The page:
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bomba923 Aug12-05 05:01 AM

How Far with Intuition
 
Inspired by quasi426's thread :shy:
http://www.physicsforums.com/showthread.php?t=84972,
:shy: I wonder

How far can one advance intuitively into physics...before he/she must accept/rely entirely on mathematics to predict/form conclusions on matters?

brewnog Aug12-05 05:24 AM

Not very...

arildno Aug12-05 05:27 AM

Oh, you can reach the highest levels of hand-waving without knowing a thing about math; in fact, you can progress so far that you actually become firmly convinced you understand physics a lot better than the professionals.

zoobyshoe Aug12-05 08:33 AM

Quote:

Quote by bomba923
How far can one advance intuitively into physics...before he/she must accept/rely entirely on mathematics to predict/form conclusions on matters?

How are you defining, or what do you mean by, intuition?

ZapperZ Aug12-05 08:54 AM

I suppose it depends on what area of physics. I wrote an essay titled "Why is Quantum Mechanics SO Difficult" that essentially said that relying on "intuition" based on what we have already understood in classical physics is the major source of misunderstanding, misinterpretation, and bastardization of quantum mechanics. This is why QM is not easily understood especially by the general public.

Zz.

BobG Aug12-05 09:40 AM

I would think that not only could you advance pretty far in math and science with intuition, but a high degree of intuition is absolutely essential!

Otherwise, what would you do when you came to the part of the problem where the instructor says, "and it should be intuitively obvious that the three and a half foot equation on the left side simplifies to 2x ......" :rolleyes: :rofl:

Of course, Pierre LaPlace is the patron saint of mathematics professors. When Nathaniel Bowditch was translating LaPlace's work into English, he noted, "I never came across one of Laplace's 'Thus it plainly appears' without feeling sure that I have hours of hard work before me to fill up the chasm and find and show how it plainly appears".

Edit: Added smilie. Of course, it's really only half kidding, since it certainly helps if the problem seems intuitively obvious in hindsight, at least. But that's going on the assumption that intuition is really just an accumulation of past experience.

ZapperZ Aug12-05 10:00 AM

Quote:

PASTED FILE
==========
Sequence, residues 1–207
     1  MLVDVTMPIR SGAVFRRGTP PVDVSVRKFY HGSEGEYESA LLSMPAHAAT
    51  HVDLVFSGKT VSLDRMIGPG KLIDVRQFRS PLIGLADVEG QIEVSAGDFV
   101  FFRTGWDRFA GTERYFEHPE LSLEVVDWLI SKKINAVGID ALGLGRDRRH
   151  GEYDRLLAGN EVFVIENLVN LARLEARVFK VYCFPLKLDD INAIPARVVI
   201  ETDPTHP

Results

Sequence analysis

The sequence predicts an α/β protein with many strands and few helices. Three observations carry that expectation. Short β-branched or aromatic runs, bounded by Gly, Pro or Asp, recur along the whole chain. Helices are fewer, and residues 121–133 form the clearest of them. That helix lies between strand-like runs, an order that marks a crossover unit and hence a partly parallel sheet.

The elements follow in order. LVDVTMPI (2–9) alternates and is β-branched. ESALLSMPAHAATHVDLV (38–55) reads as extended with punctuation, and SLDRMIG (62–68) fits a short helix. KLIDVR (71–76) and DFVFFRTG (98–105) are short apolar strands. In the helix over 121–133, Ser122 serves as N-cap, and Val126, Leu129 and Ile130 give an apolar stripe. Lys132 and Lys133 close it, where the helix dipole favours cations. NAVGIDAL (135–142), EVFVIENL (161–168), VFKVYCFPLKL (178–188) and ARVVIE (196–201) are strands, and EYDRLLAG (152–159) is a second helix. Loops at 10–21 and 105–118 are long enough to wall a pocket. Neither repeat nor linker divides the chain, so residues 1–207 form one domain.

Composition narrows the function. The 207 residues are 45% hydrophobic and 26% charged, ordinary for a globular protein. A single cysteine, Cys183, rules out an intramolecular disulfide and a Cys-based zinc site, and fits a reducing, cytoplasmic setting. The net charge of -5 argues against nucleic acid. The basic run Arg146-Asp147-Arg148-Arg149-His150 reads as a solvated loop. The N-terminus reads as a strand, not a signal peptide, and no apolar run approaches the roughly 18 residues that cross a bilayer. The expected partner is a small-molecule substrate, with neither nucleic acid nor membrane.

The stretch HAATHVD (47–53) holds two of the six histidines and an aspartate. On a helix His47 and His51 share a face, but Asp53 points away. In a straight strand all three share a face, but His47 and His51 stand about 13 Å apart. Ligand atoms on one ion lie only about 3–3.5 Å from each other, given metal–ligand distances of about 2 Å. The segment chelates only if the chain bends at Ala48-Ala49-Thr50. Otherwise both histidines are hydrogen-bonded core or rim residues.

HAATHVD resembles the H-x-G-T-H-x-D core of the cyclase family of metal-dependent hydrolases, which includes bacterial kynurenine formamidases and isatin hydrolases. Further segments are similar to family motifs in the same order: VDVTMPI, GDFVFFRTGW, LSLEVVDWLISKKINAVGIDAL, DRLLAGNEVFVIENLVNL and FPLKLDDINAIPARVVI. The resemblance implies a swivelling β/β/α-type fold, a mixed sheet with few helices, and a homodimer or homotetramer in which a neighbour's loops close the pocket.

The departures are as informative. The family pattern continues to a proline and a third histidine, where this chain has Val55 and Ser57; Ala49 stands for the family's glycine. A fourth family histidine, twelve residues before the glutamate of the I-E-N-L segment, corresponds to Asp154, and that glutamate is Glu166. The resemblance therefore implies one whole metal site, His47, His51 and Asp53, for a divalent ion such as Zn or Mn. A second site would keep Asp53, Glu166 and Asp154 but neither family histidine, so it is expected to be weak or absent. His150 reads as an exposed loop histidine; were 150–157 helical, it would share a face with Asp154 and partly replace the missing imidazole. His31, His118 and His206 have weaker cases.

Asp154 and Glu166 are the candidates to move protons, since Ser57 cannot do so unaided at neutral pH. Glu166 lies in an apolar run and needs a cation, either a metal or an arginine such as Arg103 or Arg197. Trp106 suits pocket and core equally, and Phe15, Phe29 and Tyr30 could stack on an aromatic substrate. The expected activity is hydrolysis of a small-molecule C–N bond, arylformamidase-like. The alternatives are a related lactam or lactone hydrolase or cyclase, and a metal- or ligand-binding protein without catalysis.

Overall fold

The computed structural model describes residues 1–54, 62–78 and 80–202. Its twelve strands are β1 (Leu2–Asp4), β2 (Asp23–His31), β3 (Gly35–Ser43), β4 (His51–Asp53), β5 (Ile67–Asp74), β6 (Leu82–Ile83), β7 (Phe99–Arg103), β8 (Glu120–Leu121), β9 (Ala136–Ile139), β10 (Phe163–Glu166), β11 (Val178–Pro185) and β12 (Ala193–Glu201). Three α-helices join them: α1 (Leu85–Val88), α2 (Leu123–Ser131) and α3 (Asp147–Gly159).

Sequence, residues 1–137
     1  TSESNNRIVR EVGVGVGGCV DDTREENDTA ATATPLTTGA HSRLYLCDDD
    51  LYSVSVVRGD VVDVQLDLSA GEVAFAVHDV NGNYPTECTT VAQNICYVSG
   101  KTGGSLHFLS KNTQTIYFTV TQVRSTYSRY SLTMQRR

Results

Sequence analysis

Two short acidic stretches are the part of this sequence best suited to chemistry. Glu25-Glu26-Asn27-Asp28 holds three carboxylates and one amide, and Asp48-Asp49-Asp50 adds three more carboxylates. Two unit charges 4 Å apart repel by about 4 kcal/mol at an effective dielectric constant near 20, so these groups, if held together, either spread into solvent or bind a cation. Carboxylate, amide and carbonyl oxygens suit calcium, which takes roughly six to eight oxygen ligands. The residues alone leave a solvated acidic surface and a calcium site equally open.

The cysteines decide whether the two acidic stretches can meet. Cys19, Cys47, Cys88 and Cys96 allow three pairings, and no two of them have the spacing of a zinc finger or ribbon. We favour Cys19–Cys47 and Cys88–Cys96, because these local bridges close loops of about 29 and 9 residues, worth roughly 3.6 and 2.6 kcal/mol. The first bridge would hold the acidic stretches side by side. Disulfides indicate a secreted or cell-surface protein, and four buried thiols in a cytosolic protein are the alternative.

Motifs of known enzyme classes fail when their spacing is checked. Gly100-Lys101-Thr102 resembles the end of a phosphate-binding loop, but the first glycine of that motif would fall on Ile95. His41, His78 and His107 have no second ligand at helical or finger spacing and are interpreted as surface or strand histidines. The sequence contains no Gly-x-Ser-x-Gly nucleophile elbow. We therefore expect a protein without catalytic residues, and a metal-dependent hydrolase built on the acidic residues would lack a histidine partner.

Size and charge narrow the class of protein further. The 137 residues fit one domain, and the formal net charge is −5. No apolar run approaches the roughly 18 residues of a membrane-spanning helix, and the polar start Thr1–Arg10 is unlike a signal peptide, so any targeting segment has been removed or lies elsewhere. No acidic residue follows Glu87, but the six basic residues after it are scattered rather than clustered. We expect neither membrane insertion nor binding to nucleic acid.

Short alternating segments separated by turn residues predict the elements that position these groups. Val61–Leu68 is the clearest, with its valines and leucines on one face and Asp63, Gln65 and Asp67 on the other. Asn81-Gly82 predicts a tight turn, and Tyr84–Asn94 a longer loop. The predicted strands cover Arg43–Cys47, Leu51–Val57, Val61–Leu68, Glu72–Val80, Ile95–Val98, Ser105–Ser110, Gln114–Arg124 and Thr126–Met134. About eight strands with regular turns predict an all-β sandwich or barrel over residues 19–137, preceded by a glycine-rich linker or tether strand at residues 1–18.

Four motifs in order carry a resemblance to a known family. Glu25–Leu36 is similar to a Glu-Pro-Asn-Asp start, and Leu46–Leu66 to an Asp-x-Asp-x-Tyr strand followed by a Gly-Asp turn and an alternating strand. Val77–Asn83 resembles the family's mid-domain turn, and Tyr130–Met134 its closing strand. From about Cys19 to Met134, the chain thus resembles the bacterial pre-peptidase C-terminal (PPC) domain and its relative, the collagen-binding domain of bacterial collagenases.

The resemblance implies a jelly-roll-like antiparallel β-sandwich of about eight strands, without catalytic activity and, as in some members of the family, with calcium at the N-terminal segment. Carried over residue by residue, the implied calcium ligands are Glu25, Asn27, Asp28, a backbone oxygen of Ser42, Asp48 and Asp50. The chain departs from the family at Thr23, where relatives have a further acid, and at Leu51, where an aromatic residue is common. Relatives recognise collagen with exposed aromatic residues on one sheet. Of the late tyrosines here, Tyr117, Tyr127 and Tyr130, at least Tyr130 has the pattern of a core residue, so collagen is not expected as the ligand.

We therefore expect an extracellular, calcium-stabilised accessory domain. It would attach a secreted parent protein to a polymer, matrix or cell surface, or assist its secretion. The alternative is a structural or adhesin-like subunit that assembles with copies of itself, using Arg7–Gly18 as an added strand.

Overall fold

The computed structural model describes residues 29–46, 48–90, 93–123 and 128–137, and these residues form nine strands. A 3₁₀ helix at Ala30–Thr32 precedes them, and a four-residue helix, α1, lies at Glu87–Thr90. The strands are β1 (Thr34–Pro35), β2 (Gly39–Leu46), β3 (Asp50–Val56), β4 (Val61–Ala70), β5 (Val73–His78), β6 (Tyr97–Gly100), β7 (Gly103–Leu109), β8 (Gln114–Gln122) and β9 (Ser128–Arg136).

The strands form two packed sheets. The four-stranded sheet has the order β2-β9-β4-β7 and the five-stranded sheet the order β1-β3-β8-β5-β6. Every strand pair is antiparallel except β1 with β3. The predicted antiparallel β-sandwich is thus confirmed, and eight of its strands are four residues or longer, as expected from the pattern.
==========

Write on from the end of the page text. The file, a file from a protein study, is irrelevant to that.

Quote by BobG
I would think that not only could you advance pretty far in math and science with intuition, but a high degree of intuition is absolutely essential!

However, the problem here is that we are not born with an innate set of fixed intuition and common sense. They evolve and expand as our knowledge increases. And that's where we run into trouble with QM, because almost every aspect of QM is counter-intuitive. There is an obvious discontinuity between "what we already know" and "what QM is saying".

It is the mathematical formalism that saves us from dangling in mid-air by providing a link to forms we are familiar with. Once we understand this, we then reformulate our "intuition" based on new set of ideas and allows our intuition to grow and encompass this new set. But it comes out of an understanding of the mathematical formalism first and not simply an expansion out of a current intuition.

It is due to this that I disagree that one can go far in learning physics simply based on intuition alone. There's a very BIG roadblock in the form of Quantum Mechanics.

Zz.

outsider Aug12-05 02:04 PM

Quote:

Quote by ZapperZ
However, the problem here is that we are not born with an innate set of fixed intuition and common sense. They evolve and expand as our knowledge increases. And that's where we run into trouble with QM, because almost every aspect of QM is counter-intuitive. There is an obvious discontinuity between "what we already know" and "what QM is saying".

It is the mathematical formalism that saves us from dangling in mid-air by providing a link to forms we are familiar with. Once we understand this, we then reformulate our "intuition" based on new set of ideas and allows our intuition to grow and encompass this new set. But it comes out of an understanding of the mathematical formalism first and not simply an expansion out of a current intuition.